Did you know that extensive prehistoric landscapes of mescal fields underlie much of the Tucson Basin? Archaeologists Suzanne and Paul Fish have also documented that at least one (or perhaps two) species of agave were prehistorically cultivated by the Hohokam in the Tucson Basin.
There, agaves covered tens of thousands of acres of desert landscapes, as they did from central Sonora to the south and the Grand Canyon to the north. Many of these agricultural landscapes still exhibit prehistorically constructed terraces, rock alignments, rock piles and roasting pits associated with mescal cultivation.
However, remnant clones of the once cultivated agaves persist in just a few places. These prehistoric agave fields were not necessarily associated with the later agricultural traditions of the Tohono O’odham and Akimel O’odham, contemporary groups who apparently defeated or expelled their Hohokam predecessors from this desert region.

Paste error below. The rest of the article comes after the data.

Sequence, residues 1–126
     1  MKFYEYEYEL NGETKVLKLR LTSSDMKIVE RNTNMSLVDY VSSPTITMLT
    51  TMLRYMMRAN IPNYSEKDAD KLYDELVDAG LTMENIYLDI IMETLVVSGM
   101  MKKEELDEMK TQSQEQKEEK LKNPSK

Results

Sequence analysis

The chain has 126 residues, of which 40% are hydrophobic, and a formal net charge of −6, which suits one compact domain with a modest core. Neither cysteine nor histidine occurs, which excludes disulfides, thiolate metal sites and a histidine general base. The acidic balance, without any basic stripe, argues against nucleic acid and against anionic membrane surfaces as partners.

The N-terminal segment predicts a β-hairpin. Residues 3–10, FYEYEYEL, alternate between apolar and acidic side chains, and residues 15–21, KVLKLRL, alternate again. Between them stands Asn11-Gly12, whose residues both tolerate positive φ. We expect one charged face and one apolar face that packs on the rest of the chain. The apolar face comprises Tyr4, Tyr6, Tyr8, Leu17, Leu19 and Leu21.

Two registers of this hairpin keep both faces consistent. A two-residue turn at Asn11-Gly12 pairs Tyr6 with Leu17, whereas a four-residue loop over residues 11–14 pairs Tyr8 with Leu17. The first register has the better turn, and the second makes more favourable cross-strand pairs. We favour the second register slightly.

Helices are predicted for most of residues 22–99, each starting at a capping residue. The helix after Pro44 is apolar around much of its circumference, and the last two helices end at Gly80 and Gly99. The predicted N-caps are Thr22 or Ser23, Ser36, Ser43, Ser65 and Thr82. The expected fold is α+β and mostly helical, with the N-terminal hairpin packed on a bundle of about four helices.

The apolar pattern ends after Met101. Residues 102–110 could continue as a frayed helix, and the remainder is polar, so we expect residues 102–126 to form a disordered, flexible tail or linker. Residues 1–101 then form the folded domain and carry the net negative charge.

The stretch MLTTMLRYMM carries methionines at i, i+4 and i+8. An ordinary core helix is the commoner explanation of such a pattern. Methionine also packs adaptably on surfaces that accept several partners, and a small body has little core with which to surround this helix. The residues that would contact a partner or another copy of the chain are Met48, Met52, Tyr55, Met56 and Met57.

Curiously, there is very little evidence, if any, that landscape-level agave cultivation persisted into historic times among any Sonoran Desert cultures, even though occasional harvesting of feral stands of once cultivated agaves may have occurred in a few areas.
And yet, agaves remain part of the heritage of many cultures in our region. Stay tuned to learn more of this fascinating history!
— Gary Nabhan, Bill Steen & Wendy Hodgson